February 24, 2024

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Financial experts Lance Roberts, Shah Gilani and Victoria Greene provide insight on the Federal Reserve’s policies and investing on ‘Making Money.’
Treasury Secretary Janet Yellen intends to use part of her major economic speech in Detroit Thursday to focus on initiatives the Biden administration is undertaking to combat climate change as she embarks on a month-long push to sell the president's agenda ahead of the midterm elections.  
"Given the existential threat posed by climate change, it is imperative that we address it," Yellen will say, according to excerpts provided to FOX Business. "Our plan — powered by the Inflation Reduction Act — represents the largest investment in fighting climate change in our country’s history."
The legislation, signed by President Biden Aug. 16, raises an estimated $739 billion over the next decade, with about half of the money going toward programs to fight climate change and reduce health care costs and the remaining half going toward paying down the $30 trillion national debt.
Yellen said the bill, which encourages investments in green technology and energy through a slew of new tax credits, will help the U.S. end its dependence on fossil fuels. She said experts estimated the law will put the U.S. on the path to cutting emissions by 40% within eight years compared to 2005 levels. 
IS THE UNITED STATES ENTERING A RECESSION?
Janet Yellen, holds a news conference in the Cash Room at the U.S. Treasury Department in Washington July 28, 2022.  (REUTERS/Jonathan Ernst / Reuters Photos)
"It will put us well on our way toward a future where we depend on the wind, sun and other clean sources for our energy," she plans to say. "We will rid ourselves from our current dependence on fossil fuels and the whims of autocrats like [Russian President Vladimir] Putin."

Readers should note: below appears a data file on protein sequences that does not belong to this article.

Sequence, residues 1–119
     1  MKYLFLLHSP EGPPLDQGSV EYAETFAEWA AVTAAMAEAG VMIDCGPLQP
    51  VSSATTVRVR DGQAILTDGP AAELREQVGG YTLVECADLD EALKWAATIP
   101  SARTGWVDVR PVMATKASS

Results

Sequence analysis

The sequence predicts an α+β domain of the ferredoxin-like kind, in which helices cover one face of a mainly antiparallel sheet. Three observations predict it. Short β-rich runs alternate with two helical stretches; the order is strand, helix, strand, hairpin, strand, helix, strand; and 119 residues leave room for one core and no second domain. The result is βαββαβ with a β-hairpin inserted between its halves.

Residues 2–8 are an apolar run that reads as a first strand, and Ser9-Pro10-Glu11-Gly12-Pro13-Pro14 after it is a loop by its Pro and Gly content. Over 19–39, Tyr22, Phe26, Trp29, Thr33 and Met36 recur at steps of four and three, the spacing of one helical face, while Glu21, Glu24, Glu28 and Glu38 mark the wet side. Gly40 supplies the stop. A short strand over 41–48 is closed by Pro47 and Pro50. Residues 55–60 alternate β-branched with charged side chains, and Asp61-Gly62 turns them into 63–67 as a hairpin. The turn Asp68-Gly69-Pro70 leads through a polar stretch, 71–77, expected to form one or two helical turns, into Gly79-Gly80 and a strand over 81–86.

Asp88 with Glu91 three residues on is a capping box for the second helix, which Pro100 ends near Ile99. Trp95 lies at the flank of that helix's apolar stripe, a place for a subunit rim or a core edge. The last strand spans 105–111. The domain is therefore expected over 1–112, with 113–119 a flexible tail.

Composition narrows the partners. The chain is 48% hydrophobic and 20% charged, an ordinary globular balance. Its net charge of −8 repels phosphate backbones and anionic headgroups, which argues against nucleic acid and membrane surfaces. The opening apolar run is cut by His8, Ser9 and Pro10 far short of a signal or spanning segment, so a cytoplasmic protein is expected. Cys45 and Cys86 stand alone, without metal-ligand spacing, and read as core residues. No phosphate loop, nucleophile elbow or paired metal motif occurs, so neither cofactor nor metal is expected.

The speech comes as Yellen and Biden attempt to sell this summer's legislative package, along with last year's bipartisan infrastructure law, as a way to increase the U.S. economy's productive capacity, reduce inflation and put more money into consumers' pockets ahead of the November midterms. Democrats risk losing their already razor-thin majorities in the election.
Republicans have warned that additional spending will only fuel the nation's inflation crisis. Prices remained near a record high in July, with inflation surging 8.5% from the previous year. 
Jerome Powell, chairman of the U.S. Federal Reserve, from right, Lael Brainard, vice chair of the board of governors for the Federal Reserve System, and John Williams, president and chief executive officer of the Federal Reserve Bank of New York.  (David Paul Morris/Bloomberg via Getty Images / Getty Images)
There is a growing consensus on Wall Street that the Federal Reserve will trigger a recession as it battles inflation with a series of aggressive interest rate hikes. 
Policymakers approved back-to-back 75 basis point rate hikes in June and July and have indicated that another supersized rate hike is on the table in September, depending on forthcoming economic data.
Hiking interest rates tends to create higher consumer and business loan rates, which slows the economy by forcing employers to cut back on spending. Mortgage rates have nearly doubled from one year ago, and some credit card issuers have ratcheted up their rates to 20%.
President Biden speaks about the economy and the final rule implementing the American Rescue Plan’s Special Financial Assistance program protecting multi-employer pension plans at Max S. Hayes High School in Cleveland July 6, 2022.  (Saul Loeb/AFP via Getty Images / Getty Images)
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"While higher interest rates, slower growth and softer labor market conditions will bring down inflation, they will also bring some pain to households and businesses," Fed Chairman Jerome Powell said recently. "These are the unfortunate costs of reducing inflation. But a failure to restore price stability would mean far greater pain."
FOX Business' Jacqui Heinrich contributed to this report.
Quotes displayed in real-time or delayed by at least 15 minutes. Market data provided by Factset. Powered and implemented by FactSet Digital SolutionsLegal Statement. Mutual Fund and ETF data provided by Refinitiv Lipper.
This material may not be published, broadcast, rewritten, or redistributed. ©2022 FOX News Network, LLC. All rights reserved. FAQNew Privacy Policy

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